“Me and my dad would probably be talking about a record 90 per cent of the time. My dad had a load of equipment to produce stuff at home, so I grew up around that and picked it up when I was about 12 – just started making music of my own.”

Eastgate discovered that the others in LOTP had similar ideas about pop, past, present and future.

“We just felt like all this old music was incredibly relevant. The stuff that we identified as ‘modern’ harked back to those kinda things, but took a step forward as well.”

LOTP were influenced, too, by their (underage!) partying at Nottingham’s Liars Club, which hosted a who’s who of cutting-edge bands. One of these was our Cut Copy.

“They were heavily into Fleetwood Mac. We hadn’t really heard that kind of stuff, but we felt like they were going on a journey through time with their music. When you’ve stood in front of a band, and it feels like you’re not just being told, ‘This is the new sound, this is what people are doing right now,’ but they’re actually giving you a mirror of the past as well – we were genuinely excited by what those guys were doing.

“There were a few other guys who were doing really cool stuff at that club, like Les Georges Leningrad. We could never really work out what they were doing. They were completely the other end of the spectrum – just dressed in wrestling suits and making a lot of noise, basically. But it all seemed relevant to an older way of making music, whether it be more theatrical or just more dreamlike.”

LOTP won fans – astute teenage fans – in London at the all-ages Way Out West night. (Endearingly, when the band arrived in the capital, they shacked up with Eastgate’s grandma, even losing their way to her crib – rock n roll, not.)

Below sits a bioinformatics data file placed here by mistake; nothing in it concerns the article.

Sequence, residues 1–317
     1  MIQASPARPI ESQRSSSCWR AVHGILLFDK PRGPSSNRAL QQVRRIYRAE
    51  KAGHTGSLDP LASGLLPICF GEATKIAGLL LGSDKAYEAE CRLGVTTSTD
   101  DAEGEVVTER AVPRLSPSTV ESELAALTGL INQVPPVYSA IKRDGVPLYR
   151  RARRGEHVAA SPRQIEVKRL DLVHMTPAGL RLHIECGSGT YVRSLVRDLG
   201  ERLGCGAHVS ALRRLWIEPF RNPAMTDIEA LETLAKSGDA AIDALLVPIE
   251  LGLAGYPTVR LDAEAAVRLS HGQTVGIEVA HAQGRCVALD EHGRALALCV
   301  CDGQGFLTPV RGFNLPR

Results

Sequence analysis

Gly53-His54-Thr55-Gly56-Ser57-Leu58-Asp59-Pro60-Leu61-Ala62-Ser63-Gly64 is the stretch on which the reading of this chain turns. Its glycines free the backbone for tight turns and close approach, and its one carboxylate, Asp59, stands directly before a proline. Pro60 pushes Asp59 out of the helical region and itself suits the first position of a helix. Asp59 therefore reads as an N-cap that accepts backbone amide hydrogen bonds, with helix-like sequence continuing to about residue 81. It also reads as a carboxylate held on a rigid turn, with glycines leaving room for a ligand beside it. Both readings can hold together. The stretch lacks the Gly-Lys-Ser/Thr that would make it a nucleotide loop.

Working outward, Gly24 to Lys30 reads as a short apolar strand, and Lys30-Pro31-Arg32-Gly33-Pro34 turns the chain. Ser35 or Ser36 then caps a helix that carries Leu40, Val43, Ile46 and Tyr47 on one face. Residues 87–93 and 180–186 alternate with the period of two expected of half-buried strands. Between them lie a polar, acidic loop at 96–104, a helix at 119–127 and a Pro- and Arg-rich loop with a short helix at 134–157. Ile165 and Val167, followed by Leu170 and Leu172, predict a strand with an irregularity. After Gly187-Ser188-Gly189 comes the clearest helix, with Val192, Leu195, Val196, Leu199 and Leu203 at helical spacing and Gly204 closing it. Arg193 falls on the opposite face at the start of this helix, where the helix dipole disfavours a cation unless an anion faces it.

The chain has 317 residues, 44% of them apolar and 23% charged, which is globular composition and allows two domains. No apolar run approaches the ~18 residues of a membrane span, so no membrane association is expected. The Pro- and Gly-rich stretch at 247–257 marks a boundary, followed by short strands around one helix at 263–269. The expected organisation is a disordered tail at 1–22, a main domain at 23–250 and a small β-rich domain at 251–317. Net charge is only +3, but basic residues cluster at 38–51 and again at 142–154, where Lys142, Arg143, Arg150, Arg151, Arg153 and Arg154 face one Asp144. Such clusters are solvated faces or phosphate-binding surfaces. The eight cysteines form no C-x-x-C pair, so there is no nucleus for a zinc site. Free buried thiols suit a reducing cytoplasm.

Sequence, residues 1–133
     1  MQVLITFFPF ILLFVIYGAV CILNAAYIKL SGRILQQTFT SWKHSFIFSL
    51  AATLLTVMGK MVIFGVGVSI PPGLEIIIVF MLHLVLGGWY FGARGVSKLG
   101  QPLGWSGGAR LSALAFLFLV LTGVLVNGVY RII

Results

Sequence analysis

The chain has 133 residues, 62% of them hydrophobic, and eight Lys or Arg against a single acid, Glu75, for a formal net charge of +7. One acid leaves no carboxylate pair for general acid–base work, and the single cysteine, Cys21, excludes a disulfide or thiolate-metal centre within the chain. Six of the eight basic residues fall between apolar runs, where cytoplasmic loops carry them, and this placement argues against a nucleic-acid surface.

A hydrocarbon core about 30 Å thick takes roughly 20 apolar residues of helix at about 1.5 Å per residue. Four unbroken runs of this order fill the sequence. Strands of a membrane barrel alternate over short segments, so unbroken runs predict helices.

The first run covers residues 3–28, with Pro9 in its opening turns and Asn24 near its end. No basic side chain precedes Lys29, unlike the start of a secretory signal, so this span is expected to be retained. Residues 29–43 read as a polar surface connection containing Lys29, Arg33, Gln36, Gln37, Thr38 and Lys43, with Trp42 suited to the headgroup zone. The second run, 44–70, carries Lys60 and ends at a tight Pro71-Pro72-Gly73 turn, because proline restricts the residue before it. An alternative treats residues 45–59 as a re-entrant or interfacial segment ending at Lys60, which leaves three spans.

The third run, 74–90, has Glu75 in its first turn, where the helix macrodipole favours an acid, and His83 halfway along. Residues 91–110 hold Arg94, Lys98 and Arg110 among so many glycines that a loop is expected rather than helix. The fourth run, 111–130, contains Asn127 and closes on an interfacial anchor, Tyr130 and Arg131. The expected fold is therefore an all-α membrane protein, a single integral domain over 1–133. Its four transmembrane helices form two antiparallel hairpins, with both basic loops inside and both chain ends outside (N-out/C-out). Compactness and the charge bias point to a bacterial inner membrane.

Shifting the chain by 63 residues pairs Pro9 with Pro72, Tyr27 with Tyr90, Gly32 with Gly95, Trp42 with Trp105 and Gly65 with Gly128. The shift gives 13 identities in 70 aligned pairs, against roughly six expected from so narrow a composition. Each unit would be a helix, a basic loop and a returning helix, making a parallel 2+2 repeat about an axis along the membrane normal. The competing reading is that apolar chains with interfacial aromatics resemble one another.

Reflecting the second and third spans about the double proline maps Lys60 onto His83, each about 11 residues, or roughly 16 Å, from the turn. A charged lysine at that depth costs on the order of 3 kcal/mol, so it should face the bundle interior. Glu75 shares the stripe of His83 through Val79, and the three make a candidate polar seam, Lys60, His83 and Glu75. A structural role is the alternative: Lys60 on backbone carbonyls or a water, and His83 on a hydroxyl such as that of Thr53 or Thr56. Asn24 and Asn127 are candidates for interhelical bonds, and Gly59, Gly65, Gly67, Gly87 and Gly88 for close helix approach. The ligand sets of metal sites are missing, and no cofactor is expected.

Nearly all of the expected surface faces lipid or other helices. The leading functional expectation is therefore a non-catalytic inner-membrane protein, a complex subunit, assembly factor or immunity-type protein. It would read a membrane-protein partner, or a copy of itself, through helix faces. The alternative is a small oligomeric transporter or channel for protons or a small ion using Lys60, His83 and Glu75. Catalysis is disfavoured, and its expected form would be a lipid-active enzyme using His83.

LOTP first aired Space & The Woods, which subversively deconstructs emo, early last year. The cult UK DJ Erol Alkan heard the single, loved it, and offered to oversee their next, Bathroom Gurgle. He’s since worked on Fantasy Black Channel, which LOTP have issued on their own label, Zarcorp, through Virgin EMI. LOTP may command a young fanbase, but they’re also appealing to an older demographic who miss the arty bands of their youth like Echo & The Bunnymen. Hate mushy R&B- The beguiling LOTP are for you. Yet, while the four are out-there, they’re not pretentious.

LOTP have posted their hermetic lyrics online, but don’t ask Eastgate to decipher them.

“A lot of it I couldn’t pinpoint what I was talking about myself,” he divulges. “There’s a large part of the lyrics on the album that I’ve never written down, because I don’t think that some of them are real words – like when it goes really hectic towards the end of the album, a lot of that stuff is just garbled! It’s more rhythmical. Sometimes when you hear a word and it’s well placed within a rhythm or a melody, it’s so much more powerful than well chosen words that don’t have a melody to carry them.

“There’s a few songs that touch on confusion, because it’s a really easy emotion to convey within our music when you’ve got all these different sounds and you’ve got a lot of different things going on with the music. Confusion just happens, anyway!”

WHO: Late of the Pier
WHAT: Play Field Day at The Domain / Fantasy Black Channel through Parlophone / EMI
WHEN: Thursday 1 January / Out now
MORE: fuzzy.com.au / lateofthepier.com